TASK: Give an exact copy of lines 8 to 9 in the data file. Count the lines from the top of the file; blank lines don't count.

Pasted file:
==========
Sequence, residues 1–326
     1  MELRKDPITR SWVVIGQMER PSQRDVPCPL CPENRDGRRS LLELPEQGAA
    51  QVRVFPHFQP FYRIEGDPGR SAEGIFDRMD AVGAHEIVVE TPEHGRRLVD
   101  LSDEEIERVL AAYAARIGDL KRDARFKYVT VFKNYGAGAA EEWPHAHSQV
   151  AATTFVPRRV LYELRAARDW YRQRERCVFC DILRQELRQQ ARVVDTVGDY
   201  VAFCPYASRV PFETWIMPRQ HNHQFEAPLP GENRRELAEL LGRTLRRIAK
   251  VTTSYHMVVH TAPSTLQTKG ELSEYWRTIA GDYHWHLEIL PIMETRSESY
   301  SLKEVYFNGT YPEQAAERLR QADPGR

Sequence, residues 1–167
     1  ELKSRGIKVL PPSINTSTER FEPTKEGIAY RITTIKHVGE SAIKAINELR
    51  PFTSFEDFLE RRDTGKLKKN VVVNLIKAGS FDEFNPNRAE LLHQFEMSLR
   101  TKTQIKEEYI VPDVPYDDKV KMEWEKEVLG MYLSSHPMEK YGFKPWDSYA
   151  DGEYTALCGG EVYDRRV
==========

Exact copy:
   301  SLKEVYFNGT YPEQAAERLR QADPGR

Sequence, residues 1–167